The leaning tower of Pisa is one of the most buildings in the the world. Its lean comes from what I suppose was a flaw in geo-technical calculations. It is unstable soil and settlement of the foundation that causes the tower to lean.
Yet, what could have been disastrous turned out pretty spectacularly. Probably because it started to lean during construction at a slow enough pace that it could be mitigated rather than leaning on completion with the chance of toppling over at any moment.
The point is that sometimes things don’t turn out the way we want them to be. But that doesn’t mean they don’t still turn out well. The leaning tower of Pisa was accidentally great.
Would we still love it without the lean? Probably not as much.
Would we still love it if it was supposed to lean? I doubt it.
It’s easy to find yourself stuck between helping someone and fixing things for them.
When you help you teach and offer tools giving the other person a chance to grow, develop and learn to do things for themselves. When you fix things for people they’re likely to become reliant on others to do things for them because that is all they know.
Often when we see people we care about face challenging situations we lend a hand. You think you’re helping but what you’re really doing is fixing the problem for them. And so as time passes and the person faces more challenges they don’t know how to do things for themselves because they haven’t learnt how to overcome.
We do it because we care and we don’t want to see the people we care for suffer. But in doing so we forget that these people have strengths within themselves and that they are also capable of overcoming their own challenges.
And so the lesson lies in finding the balance between helping and fixing. I’ve learnt that support plays a significant and often overlooked role. To look the person you love in the eye and simply say ‘I’m here for you and I’ll support you through this’ may be more powerful and have longer lasting effects than fixing things for them.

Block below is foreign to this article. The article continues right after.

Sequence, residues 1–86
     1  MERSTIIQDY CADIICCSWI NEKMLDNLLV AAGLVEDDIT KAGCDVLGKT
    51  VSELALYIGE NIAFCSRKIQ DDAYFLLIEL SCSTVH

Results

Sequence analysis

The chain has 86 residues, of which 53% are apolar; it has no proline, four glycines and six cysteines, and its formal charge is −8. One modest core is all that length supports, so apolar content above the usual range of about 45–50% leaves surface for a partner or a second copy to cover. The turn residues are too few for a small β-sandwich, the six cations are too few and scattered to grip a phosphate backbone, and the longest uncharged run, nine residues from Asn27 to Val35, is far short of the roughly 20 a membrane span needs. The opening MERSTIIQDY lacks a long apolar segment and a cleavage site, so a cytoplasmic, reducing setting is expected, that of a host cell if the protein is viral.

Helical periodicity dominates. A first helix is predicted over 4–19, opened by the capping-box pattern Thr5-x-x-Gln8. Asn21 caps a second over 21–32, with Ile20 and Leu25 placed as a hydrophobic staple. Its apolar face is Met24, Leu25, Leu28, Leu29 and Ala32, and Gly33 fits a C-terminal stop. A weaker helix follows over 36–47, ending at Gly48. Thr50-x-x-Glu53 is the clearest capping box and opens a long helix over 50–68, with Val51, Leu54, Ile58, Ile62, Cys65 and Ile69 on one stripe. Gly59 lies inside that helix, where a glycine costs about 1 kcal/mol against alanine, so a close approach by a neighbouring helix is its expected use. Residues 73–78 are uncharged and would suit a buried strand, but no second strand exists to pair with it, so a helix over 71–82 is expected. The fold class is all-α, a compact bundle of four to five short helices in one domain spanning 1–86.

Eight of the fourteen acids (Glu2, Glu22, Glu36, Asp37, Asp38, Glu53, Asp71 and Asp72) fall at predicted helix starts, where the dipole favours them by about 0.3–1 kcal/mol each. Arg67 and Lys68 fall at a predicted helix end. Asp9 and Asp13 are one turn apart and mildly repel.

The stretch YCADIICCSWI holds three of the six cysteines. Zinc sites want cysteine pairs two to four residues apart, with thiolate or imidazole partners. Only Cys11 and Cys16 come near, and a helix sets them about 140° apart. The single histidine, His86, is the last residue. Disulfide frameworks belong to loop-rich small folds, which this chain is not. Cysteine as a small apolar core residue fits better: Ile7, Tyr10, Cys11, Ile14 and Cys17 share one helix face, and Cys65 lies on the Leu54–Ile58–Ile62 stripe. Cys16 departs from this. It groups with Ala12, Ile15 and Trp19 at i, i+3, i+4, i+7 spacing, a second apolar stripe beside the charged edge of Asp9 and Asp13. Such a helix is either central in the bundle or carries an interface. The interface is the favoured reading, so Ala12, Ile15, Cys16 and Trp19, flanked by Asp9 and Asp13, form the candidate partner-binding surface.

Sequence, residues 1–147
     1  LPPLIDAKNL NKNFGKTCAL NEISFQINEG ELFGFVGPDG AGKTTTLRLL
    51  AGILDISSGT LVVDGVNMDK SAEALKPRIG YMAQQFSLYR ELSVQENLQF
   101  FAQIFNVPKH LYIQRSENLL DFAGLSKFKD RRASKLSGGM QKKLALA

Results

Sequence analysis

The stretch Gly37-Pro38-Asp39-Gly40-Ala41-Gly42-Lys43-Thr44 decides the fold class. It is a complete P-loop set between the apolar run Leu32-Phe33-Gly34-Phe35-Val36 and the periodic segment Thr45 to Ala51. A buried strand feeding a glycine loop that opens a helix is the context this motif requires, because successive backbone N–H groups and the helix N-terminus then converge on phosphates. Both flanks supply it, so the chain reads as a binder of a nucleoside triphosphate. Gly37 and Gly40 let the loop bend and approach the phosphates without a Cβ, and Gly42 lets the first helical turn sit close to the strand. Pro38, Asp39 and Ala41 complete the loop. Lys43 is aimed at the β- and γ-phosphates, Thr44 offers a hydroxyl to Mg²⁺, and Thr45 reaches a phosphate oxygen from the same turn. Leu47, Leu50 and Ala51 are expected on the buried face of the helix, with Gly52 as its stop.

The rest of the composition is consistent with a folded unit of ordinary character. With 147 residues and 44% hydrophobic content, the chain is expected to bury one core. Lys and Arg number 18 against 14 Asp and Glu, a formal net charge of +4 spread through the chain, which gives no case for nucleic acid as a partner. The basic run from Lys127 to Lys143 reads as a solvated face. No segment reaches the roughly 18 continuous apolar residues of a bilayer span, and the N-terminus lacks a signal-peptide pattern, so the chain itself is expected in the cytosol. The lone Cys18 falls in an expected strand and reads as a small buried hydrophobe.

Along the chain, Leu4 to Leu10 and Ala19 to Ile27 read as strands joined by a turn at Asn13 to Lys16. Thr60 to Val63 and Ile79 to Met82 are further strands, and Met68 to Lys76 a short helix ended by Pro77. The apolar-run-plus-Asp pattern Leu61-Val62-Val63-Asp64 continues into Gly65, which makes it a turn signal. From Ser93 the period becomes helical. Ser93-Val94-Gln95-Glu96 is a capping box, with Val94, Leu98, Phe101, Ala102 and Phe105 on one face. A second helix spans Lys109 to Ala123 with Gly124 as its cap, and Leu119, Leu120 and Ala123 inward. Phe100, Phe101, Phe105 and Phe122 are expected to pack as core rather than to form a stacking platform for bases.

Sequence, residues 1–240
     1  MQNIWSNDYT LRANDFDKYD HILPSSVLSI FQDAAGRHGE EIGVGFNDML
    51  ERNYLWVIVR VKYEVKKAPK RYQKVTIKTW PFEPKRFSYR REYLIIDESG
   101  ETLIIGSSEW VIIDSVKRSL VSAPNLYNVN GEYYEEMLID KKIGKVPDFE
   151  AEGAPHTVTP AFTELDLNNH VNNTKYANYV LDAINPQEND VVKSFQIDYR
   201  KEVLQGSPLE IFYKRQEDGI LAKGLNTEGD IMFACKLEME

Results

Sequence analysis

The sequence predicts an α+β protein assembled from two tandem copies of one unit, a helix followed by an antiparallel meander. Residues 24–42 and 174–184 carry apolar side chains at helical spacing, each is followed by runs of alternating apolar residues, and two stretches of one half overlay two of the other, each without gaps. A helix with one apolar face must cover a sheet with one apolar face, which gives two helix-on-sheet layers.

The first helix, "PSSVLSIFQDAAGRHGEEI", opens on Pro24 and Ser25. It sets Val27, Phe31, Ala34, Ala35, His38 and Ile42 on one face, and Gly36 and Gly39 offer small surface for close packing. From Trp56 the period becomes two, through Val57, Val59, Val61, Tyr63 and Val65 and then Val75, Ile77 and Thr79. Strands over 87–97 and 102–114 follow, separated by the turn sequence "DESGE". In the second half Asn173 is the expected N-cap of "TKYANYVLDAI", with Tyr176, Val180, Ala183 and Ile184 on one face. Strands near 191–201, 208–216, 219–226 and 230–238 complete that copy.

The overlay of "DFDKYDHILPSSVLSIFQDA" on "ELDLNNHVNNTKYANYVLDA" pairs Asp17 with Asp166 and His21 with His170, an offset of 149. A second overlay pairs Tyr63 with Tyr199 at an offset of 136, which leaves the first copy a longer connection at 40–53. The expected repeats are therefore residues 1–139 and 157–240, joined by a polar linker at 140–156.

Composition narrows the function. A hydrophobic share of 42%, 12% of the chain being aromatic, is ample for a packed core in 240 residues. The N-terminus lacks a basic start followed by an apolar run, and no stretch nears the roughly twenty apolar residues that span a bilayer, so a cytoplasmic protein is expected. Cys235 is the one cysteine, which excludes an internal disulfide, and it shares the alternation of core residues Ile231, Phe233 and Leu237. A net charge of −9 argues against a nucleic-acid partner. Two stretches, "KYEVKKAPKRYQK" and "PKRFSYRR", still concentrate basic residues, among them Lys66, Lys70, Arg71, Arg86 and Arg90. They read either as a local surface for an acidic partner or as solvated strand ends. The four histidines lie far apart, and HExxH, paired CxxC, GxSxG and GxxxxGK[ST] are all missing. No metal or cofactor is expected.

‘Give a man a fish and he will eat for a day. Teach a man how to fish and you feed him for a lifetime.’
That thing you’ve been working on could be the reason you end up quitting your job or it could just be a labour of love.
That word just has a way of diminishing the words that follow. It makes it seem as though a labour of love is a bad thing but it’s not, at least not to me anyway.
Not every project or thing you work on is supposed to be how you earn a living or even make you money. And it’s not about promoting the idea of the struggling artist who puts their heart and passion into all that they do but can’t make ends meet.
It’s about the person that works as a receptionist but leads a conservation volunteer group on the weekends or the Math teacher that also paints.
The significance, importance or worthiness of what you do should not be based on how much money you make or even how popular you are.
I think creativity, vulnerability, connection, generosity and joy matter so much more.
Over the past week or so Valentines day has been on my mind. Not because there’s anyone in particular I’ll be spending the day with but more just thoughts of romance in general.
Last year I posted a photo on instagram and made a joke in the caption that I was checking my phone for V-day messages. A couple of months ago I wrote a poem for someone and last week I thought it might be nice to share it with the person on Valentines day which granted is kind of lame but I’m that kind of person.
But then a couple days passed and I realised that writing a poem for someone is even more special and meaningful than I initially thought. And I find that with many of the poems I write, they represent a fleeting thought or a moment that has passed, instead of my true overall feelings.
So instead of sharing a poem with a past love, I’m going to share it with you instead.